As in-force and legacy business develops in Asia, having a voice as the legacy market, as well as sharing best practice around managing and transacting on legacy business, is becoming increasingly important.
Utilising the knowledge and services of an experienced UK based legacy association to encourage the Asian market to interact with and learn more about the benefits which legacy professionals can provide.IRLAAsia membership application
- Following relaxation on foreign direct investment (FDI),
foreign insurers are restructuring their market approach
- Reserve sizes are growing but little run-off activity to date
- Liberalization of foreign reinsurers
- Banks are expected to lower their stakes in insurance subsidiaries, potentially
triggering a wave of M&A (especially if in conjunction with the FDI cap being lifted)
- Motor third party liability (TPL) is driving the long tail reserves (slow court
- Increasing volume of claims generating a lot of reserves on shorter lines
(health and crop)
- South East Asia includes a diverse range of
needs and experience
with run-off deals
- Singapore and Malaysia statutary transfer mechanisms are tried and tested
- Malaysia large claims reserves mainly from Motor TPL (unlimited
cover combined with slow court settlement)
- Mature market but conservative in business transfers
- Long term fire policies driving run-off business
- High property cat business
- Long tail businesses likely to be more capital
intensive from introduction of K-ICS risk based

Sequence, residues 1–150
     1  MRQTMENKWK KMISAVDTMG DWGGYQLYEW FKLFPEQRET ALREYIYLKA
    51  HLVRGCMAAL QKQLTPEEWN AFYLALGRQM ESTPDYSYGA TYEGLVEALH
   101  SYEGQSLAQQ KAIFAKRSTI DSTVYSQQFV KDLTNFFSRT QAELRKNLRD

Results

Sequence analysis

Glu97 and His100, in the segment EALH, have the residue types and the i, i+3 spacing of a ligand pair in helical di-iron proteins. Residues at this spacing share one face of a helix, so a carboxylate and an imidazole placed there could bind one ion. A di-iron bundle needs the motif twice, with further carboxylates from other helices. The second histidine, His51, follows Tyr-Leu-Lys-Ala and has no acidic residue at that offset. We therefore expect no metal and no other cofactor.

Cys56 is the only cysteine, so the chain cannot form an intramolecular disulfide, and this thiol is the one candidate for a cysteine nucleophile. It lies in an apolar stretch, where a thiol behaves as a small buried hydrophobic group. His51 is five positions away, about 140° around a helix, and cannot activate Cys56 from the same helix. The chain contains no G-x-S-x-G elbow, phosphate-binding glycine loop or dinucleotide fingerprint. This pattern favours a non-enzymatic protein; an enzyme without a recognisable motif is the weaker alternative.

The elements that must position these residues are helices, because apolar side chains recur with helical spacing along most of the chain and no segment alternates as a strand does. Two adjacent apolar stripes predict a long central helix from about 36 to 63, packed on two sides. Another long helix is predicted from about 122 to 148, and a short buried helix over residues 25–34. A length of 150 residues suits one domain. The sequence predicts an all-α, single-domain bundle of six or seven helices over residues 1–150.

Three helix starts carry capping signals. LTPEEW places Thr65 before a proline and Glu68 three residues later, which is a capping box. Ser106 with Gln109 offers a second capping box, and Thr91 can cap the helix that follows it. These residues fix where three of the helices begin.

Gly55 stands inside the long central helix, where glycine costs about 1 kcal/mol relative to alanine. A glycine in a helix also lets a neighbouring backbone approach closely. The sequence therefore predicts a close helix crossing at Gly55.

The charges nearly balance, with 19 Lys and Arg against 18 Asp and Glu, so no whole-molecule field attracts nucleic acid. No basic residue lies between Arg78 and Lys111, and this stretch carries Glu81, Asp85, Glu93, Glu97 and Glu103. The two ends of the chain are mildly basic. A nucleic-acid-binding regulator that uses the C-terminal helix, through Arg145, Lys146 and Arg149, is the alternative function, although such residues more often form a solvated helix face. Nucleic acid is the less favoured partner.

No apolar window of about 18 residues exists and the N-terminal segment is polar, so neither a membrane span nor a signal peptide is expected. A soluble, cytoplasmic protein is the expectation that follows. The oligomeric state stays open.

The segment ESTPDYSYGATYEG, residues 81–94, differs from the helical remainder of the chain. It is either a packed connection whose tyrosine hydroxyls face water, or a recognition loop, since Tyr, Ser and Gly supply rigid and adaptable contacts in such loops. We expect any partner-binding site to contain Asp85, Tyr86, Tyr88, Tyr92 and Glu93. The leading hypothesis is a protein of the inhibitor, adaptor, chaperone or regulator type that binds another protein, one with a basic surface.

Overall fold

- Mature market with sophisticated, tried & tested
- Risk Based Capital framework coming into
force 2024, likely leading to higher capital
- Multinational insurers exiting unprofitable lines
- Lots of smaller companies and large stock of
claims reserves, that may push some to consider
exiting the market ahead of IFRS17
- Long tail compulsory third party liability (CTP) classes
with reduced profitability after Royal Commission.
- Struggling workers’ compensation (WC) businesses for
A key part of our intention and focus at IRLA is providing the stage and opportunity for people across the sector to come together and express views, share insights and experiences.
On June 15 2023, a diverse group representing re/insurance carriers, run-off portfolio acquirers, claims handling third parties, brokers and legal firms – all of whom with first hand experience of Asia legacy business – came together to discuss the current state of the Asia legacy market. Below is a summary of some of the key points from that discussion.
We hope this helps IRLA members better understand the dynamics of the Asia legacy market as it stands, and gives a sense of the landscape in which we are moving forward through the latter half of 2023 and beyond.
We value your opinion, and we seek to provide as much insight as possible so please do get in contact.
The current state of legacy business in Asia:
- What legacy market! The big picture is that there is a lack of activity vs other regions, notably UK/EMEA/US.